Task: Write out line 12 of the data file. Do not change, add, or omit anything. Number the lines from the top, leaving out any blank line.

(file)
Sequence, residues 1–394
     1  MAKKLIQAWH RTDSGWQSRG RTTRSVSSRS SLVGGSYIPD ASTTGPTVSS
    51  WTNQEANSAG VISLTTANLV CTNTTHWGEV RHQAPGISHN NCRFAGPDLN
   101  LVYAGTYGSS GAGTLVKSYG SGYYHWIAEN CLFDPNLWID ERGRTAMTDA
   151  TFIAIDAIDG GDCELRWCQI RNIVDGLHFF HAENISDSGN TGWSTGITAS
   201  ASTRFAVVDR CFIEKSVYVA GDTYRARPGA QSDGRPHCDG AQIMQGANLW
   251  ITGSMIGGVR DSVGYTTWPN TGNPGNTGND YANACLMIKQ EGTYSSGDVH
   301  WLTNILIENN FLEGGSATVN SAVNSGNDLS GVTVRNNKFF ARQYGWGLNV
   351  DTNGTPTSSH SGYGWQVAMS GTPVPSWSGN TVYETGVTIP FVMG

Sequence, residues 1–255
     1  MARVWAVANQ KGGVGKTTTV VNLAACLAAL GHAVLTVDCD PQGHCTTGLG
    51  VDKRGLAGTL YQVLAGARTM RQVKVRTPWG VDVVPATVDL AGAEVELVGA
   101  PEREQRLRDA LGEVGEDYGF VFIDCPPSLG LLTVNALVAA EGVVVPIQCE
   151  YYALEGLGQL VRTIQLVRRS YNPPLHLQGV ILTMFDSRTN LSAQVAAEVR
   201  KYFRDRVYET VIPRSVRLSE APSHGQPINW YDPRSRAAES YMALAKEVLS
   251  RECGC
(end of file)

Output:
    51  VDKRGLAGTL YQVLAGARTM RQVKVRTPWG VDVVPATVDL AGAEVELVGA